Institutional class mutual funds, or institutional class shares in a mutual fund, are only made available to investors willing to commit a large amount of money to the fund. In return for this large commitment, an investor often receives lower costs than smaller-scale investors. Pension and retirement funds for government institutions and private companies most often use these funds. Some wealthy individual investors may also be able to qualify for institutional funds. Remember that investing in mutual funds carries risk. Do not invest more than you can afford to lose, and consider speaking with a financial professional before making any investment decisions.
Pricing and Fees
The primary benefit to buying institutional classes of a mutual fund is lower costs. For example, Vanguard's Wellington mutual fund, which holds stocks and bonds, has an expense ratio of 0.34 percent for investors who will invest at least $10,000. However, under the company's institutional classes, which are called "Admiral" shares, any investor spending $100,000 or more can pay a lower expense ratio of 0.23 percent.
Some investment managers will only allow registered financial institutions and asset managers to purchase institutional funds. Others, including Vanguard, will allow a private investor to obtain funds at institutional prices if she is able to commit to purchasing the required amount.
BlackRock, which is one of the nation's largest investment mangers in terms of asset size, offers funds designed solely for institutions, not for wealthy private investors. Though some of the funds have investment levels at $100,000, others carry a minimum investment level of $10 million.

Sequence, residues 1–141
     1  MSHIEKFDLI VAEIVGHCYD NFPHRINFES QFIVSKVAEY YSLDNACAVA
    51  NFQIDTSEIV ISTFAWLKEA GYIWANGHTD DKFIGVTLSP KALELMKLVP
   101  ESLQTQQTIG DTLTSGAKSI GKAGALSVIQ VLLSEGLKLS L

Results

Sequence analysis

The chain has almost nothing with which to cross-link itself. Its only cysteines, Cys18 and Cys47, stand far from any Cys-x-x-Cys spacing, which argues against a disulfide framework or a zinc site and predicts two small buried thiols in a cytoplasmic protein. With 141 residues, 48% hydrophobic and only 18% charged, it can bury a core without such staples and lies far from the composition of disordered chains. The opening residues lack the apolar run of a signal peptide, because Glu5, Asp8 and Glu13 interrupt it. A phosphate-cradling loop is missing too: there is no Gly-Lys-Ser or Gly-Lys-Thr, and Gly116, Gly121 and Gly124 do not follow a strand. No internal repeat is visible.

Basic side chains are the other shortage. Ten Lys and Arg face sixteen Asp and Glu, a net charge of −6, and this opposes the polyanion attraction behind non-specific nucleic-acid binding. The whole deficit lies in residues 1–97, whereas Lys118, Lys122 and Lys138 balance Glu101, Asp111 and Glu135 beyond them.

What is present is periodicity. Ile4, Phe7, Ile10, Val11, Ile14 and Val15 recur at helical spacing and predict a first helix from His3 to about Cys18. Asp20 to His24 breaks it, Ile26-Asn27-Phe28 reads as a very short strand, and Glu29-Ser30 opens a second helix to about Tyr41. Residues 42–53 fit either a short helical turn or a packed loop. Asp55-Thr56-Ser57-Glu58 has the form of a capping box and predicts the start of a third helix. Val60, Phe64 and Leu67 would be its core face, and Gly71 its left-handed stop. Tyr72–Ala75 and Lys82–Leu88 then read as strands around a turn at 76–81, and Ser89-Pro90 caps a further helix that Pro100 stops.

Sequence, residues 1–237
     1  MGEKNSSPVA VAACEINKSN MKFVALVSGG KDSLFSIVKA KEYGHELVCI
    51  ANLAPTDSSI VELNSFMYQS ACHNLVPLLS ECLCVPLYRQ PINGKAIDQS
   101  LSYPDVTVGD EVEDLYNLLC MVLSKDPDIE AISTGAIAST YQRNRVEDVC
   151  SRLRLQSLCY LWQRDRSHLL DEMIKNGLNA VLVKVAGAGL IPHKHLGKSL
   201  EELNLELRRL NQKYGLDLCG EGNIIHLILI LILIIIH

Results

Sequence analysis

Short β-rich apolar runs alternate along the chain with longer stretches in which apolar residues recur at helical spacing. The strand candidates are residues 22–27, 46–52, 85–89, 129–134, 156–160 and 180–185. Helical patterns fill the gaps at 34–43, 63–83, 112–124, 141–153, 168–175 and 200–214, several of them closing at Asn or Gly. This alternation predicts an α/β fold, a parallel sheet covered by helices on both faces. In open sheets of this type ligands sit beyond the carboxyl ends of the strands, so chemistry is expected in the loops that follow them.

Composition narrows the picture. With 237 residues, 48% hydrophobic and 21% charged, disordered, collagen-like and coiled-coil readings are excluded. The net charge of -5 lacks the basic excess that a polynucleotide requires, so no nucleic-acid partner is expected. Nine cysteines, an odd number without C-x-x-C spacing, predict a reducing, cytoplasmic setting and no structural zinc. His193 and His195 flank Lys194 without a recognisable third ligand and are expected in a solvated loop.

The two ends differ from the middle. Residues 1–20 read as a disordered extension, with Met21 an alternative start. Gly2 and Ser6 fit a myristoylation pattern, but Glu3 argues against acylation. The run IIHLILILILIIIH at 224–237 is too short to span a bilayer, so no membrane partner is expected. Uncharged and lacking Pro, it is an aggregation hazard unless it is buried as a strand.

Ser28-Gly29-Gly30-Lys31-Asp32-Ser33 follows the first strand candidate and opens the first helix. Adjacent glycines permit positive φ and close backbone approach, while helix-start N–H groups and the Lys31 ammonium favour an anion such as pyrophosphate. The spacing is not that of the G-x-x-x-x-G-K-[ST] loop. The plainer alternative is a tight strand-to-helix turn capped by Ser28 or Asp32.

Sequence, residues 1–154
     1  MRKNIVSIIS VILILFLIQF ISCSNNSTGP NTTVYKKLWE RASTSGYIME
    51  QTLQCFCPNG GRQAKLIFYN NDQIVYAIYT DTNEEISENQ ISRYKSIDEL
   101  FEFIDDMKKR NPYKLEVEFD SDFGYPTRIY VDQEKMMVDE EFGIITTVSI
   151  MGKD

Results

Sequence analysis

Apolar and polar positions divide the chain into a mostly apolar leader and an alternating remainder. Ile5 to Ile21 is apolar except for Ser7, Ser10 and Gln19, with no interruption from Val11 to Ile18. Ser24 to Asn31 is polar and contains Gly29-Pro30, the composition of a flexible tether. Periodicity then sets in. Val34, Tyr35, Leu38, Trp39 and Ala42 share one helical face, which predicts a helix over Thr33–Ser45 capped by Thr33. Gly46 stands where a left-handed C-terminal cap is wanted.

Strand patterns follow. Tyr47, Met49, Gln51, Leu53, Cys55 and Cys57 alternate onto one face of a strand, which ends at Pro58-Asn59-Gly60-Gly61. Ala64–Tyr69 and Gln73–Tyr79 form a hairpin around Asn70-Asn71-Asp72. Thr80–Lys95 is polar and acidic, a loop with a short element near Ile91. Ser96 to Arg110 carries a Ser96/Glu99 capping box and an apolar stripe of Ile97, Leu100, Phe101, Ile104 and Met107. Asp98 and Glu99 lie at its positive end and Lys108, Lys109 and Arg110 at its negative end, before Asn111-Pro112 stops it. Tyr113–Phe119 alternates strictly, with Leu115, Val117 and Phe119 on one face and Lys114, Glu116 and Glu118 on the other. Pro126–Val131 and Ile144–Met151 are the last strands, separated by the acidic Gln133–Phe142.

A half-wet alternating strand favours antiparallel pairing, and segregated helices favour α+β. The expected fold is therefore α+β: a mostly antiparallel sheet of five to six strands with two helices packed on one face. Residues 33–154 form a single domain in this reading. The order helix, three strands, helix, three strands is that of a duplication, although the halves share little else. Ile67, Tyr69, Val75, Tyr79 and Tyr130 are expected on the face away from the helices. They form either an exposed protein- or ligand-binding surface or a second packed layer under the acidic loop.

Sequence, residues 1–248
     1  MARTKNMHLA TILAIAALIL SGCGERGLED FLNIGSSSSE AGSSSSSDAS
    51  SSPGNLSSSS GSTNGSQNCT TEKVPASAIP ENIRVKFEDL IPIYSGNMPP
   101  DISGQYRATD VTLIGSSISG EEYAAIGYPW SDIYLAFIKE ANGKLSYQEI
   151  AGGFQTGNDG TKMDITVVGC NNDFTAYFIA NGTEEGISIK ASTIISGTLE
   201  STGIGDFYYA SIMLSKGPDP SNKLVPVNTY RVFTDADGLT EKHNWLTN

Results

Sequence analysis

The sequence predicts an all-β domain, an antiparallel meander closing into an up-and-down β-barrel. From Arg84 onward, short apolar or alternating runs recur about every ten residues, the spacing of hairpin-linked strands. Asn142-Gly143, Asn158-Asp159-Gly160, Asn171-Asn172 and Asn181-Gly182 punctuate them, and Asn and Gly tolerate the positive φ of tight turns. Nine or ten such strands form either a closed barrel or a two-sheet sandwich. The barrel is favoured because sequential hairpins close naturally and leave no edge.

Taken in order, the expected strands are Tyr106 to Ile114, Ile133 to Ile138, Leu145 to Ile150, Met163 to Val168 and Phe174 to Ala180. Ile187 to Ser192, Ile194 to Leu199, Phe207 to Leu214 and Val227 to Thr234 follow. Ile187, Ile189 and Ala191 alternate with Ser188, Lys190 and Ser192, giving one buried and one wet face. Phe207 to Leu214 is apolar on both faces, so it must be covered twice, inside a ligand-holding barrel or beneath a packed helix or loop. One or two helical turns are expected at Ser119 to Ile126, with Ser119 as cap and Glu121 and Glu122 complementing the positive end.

Investment Securities held by Institutional-Class Funds
Because of the large variety of available institutional-class funds, it is possible to find a type of fund that invests in virtually every major type of investment security. The most conservative funds operate as money market funds, holding very safe investments such as Certificates of Deposit (CDs) or very short-term U.S. Treasury bills. Slightly more risky funds hold bonds, typically with a focus on either government-issued bonds or bonds issued by private companies. Other institutional-class funds hold a mix of bonds and stocks, while some are focused solely on stocks or alternative investments such as real estate or commodities.
- U.S. Securities and Exchange Commission: Mutual Fund Classes
- Vanguard: Product Overview
- BlackRock: Funds for Institutions
- The Free Dictionary: "Institutional Fund." Accessed January 31, 2020.
- Vanguard. "Index funds vs actively-managed funds." Accessed January 31, 2020.
Harris Krumme has been writing professionally since 2007 and has been published in "The Daily Progress" and "The Virginian-Pilot," two newspapers in Virginia. He has covered macroeconomic subjects such as the Federal Reserve, monetary policy, and stock markets. He holds a Bachelor of Arts in journalism from Washington and Lee University.